This is the same part of the blade (compare the heavy scratches in the primary bevel), but with the lighting moved to emphasize the scratches in the 15u bevel. Notice again that the boundary between the 15u scratches and the 5u scratches is quite a wide area.
To determine fairly precisely the shape of the wear bevel, it will be necessary to be able to narrow these boundary regions.
I don't understand what manufacturers think they are gaining by making such a claim. Experienced woodworkers know it is bullshit, but some may actually try the blade before sharpening. The poor results will leave them a little cynical about the maker's honesty.
Inexperienced woodworkers may try the blade, find it doesn't work, and assume it is their fault. How many have put the plane down and not picked it up again? How many have looked at the resulting surface and gone out and bought a planer?
I really wish that plane iron manufacturers would say on all their blade packaging that unless you know how or are willing to learn how to sharpen plane irons, there is little point in buying the blade. [Hock Tools - to their credit - makes no such claims for their blades and does discuss sharpening on their packaging.]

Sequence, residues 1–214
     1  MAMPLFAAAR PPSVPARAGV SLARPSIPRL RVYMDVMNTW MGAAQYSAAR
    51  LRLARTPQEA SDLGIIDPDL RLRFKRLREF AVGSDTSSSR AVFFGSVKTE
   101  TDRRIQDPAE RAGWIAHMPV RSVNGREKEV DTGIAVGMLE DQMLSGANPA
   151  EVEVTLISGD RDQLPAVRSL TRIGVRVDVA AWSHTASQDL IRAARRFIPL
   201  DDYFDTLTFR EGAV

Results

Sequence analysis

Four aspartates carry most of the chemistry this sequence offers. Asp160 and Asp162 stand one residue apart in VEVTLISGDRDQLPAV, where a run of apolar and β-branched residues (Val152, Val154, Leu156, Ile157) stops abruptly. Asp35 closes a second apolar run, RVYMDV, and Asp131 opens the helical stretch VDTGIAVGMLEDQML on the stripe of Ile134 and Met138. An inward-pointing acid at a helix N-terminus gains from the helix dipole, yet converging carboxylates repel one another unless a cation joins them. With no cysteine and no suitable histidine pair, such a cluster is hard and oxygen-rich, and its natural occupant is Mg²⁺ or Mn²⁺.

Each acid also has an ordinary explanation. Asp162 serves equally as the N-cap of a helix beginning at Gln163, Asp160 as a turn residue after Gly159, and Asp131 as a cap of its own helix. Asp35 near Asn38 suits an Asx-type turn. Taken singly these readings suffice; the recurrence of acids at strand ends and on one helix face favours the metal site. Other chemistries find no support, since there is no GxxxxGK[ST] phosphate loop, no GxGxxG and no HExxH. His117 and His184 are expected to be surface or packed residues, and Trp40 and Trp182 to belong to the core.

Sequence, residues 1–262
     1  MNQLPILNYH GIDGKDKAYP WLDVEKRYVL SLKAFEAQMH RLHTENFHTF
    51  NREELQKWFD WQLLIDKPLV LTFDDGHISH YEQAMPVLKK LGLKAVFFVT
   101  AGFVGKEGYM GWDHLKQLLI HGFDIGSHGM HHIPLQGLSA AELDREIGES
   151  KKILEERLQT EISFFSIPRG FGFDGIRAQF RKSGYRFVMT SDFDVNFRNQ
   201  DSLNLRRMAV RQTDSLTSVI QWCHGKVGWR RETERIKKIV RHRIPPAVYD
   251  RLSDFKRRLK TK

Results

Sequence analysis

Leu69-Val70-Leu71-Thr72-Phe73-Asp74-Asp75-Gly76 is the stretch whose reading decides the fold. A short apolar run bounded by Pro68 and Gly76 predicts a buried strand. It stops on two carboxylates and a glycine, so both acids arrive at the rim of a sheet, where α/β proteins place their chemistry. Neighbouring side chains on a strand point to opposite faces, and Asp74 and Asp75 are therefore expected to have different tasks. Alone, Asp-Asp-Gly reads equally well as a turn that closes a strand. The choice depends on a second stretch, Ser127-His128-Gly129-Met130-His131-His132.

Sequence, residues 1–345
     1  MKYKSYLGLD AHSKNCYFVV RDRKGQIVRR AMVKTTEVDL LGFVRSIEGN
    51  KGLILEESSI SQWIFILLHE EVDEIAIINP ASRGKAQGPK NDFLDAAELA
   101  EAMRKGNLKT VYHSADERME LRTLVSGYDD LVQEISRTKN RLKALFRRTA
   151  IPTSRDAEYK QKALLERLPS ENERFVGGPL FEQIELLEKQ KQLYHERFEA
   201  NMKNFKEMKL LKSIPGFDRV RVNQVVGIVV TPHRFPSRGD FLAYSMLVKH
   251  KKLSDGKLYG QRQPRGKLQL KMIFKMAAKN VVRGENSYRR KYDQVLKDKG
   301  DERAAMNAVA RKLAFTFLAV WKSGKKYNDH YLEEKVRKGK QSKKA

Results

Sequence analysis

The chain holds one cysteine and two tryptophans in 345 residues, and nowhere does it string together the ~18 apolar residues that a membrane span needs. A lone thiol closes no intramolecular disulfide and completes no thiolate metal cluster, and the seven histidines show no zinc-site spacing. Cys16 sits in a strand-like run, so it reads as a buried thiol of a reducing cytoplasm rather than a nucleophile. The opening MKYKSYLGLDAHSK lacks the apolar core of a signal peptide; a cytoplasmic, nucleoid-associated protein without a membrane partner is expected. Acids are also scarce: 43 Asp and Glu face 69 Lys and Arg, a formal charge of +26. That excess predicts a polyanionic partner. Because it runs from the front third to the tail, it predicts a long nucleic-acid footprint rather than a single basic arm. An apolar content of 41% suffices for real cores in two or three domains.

Update (Sep 09): Some manufacturers have started spending some time lapping their blades before they sell them. Some of these blades are in fact now usable right out of the box. Lee Valley uses a lapping machine to produce better surfaces than most woodworkers will get in later sharpening. Lee Valley spends quite a bit of time flattening the back of their plane irons. All this effort is useful only during the first uses of the plane, up until the first time the user sharpens the blade.
A dull blade has a wear bevel on the back of the iron (whether used bevel up or bevel down). This back wear bevel can be easily removed using back bevels. This back wear bevel cannot be removed by later flattening of the back. It can be removed without back bevels by protracted grinding/honing from the front. The flat back fetish is discussed in the FAQ.
By going to all the work to flatten the back so carefully, Lee Valley actually does a disservice to its customers. Lee Valley leads their customers to believe that they have no responsibility for the back of the iron in the future. To assume that Lee Valley has done all their work for them. The woodworker would then be resistant to any argument that they need to prepare the back during each sharpening session. People would be better off if Lee Valley abandoned back flattening and added something about back bevels to their literature. However, since super flat is the chrome bumper of the plane iron business, I see little chance of this happening. [It is possible that Lee Valley understands they may be misleading some customers. The technical discussion of their blades now (Dec 2009) contains the sentence: "You will also still need to hone the intersecting bevel." I have no idea what that means, but it might refer to the back wear bevel. The phrase appears no where else on their site according to google.]